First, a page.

Chas Edens is Director and Garden Manager of Anathoth Community Garden in Cedar Grove, NC.
TWI: What makes a good farm?
The impulse for most of us modern folks is to think of land in terms of its potential (a forest for its paper, a mountain for its coal deposits) and to see a place as an object to impose our will upon; hence the long tradition of lusting after or idealizing the “perfect” farm or distorting a place towards a utopian vision. I can attest that farming is very intellectually stimulating work, as well as physically and spiritually engaging, but I also believe that as soon as a farm becomes abstracted from the particularities of its place the act of farming does violence. So reluctantly and reverently a good farm should grow out of the limits and possibilities of a place to generate the health of both land and people. A good farm is small. In fact, I think the word “garden” is preferable because it contains more of a theological connotation.
TWI: What farm—that you have either designed or helped tend—are you most proud of?
Anathoth Community Garden started in 2004 in response to the nearby murder of a man named Bill which most believe was racially motivated; Bill, a white man, was married to an African-American woman. A community prayer vigil was held at the site of the murder and the visions of two amazing women converged. Scenobia, the descendent of a sharecropper, envisioned donating a five-acre parcel of her family’s land to a predominately white Methodist church. Grace, the first female pastor of the Methodist church had a vision of using land to foster holistic reconciliation and feed people. The gifted land was cultivated the following spring and Anathoth became a reality. The garden is named after the city in Jeremiah 29, in which the prophet charges the Israelites to “plant gardens” and “seek peace” as a politically subversive act while Israel is under the siege of Babylon. Anathoth’s mission is to cultivate peace by using regenerative agriculture to connect people with their neighbors, the land, and God.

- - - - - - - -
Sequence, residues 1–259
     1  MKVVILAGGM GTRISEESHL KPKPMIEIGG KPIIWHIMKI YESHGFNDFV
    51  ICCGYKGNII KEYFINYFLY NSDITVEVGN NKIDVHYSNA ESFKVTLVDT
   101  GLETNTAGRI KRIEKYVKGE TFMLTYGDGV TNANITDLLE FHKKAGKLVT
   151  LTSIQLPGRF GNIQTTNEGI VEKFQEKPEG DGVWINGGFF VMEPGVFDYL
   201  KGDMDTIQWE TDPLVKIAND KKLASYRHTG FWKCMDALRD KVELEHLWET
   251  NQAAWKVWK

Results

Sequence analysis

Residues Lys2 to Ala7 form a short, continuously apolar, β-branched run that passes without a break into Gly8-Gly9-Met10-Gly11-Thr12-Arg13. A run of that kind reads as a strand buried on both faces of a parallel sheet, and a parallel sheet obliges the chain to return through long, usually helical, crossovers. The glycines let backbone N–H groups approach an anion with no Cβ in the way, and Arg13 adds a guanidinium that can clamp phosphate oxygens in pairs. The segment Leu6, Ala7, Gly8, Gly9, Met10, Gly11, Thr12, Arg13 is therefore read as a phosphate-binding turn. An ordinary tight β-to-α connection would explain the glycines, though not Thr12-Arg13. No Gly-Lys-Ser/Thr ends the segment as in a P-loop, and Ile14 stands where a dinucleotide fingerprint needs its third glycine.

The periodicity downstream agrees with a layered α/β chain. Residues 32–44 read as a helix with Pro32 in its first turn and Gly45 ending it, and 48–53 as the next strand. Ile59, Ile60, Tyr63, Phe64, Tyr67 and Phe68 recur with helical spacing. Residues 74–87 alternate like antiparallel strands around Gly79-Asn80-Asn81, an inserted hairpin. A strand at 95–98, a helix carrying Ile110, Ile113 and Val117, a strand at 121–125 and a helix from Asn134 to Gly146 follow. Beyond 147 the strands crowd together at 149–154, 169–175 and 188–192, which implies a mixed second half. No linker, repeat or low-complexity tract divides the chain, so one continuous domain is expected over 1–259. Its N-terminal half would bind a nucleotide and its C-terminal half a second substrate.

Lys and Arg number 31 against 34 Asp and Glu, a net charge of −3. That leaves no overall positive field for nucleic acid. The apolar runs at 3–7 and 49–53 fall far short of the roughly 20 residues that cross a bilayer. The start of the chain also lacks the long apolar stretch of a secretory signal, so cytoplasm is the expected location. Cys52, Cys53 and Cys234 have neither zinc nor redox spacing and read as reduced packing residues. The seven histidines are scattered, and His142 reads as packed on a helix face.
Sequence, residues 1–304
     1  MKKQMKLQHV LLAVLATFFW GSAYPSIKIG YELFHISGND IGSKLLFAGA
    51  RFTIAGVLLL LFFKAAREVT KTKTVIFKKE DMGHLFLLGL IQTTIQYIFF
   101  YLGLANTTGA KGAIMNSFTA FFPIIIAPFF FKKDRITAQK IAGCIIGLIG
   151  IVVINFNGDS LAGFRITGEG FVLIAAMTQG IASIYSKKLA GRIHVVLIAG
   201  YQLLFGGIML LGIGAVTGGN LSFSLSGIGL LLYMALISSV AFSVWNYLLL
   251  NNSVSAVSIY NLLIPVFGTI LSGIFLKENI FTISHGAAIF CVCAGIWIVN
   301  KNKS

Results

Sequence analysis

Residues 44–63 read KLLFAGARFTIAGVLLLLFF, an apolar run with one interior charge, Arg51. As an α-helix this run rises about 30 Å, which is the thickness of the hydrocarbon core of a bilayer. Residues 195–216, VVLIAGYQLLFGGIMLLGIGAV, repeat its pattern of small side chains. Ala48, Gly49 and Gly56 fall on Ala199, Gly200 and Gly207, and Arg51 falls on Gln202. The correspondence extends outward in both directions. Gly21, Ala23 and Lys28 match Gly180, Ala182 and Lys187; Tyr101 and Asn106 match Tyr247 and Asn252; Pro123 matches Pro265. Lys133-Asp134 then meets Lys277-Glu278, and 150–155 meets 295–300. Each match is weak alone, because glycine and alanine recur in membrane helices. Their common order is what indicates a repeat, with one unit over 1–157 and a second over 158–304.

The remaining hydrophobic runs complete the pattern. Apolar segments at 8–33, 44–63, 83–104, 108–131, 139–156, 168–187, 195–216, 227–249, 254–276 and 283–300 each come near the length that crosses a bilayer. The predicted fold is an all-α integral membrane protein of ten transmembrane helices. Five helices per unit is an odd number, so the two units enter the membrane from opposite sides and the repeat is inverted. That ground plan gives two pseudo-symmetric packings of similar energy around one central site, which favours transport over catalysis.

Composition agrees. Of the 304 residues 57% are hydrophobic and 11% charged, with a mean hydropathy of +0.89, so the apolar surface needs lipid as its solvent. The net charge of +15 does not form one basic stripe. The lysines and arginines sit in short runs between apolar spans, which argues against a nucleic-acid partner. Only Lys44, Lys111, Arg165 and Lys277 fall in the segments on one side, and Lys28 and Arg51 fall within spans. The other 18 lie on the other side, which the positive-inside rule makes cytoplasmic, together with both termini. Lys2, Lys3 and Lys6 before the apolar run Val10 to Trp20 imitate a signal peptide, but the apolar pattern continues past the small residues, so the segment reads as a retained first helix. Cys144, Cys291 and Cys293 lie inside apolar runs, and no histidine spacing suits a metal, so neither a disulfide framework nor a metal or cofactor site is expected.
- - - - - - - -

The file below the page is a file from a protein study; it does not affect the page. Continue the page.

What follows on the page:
TWI: Why are you proud of it?
I am proud of Anathoth and those involved with it because through gardening together we have attended to the root of some of the most profound issues in our culture today. To borrow a term from Wendell Berry we have sought to heal a “hidden wound.” Most other communities in America, especially those located in the rural South, share the wound of Cedar Grove. American Indians were exploited and effectively removed; African-Americans were forced from their homes and brought here to do the work that white European settlers did not want to do; and today, few small farmers remain while Latin Americans are pressured to come here to continue to do agricultural work on factory farms until, presumably, bio-tech companies can figure out ways for crops to grow and harvest themselves. Thus, stepping into the garden and rubbing shoulders with our neighbors is deeply uncomfortable, because amongst the sweat and sore muscles we confront a modern history of the desecration of people and land.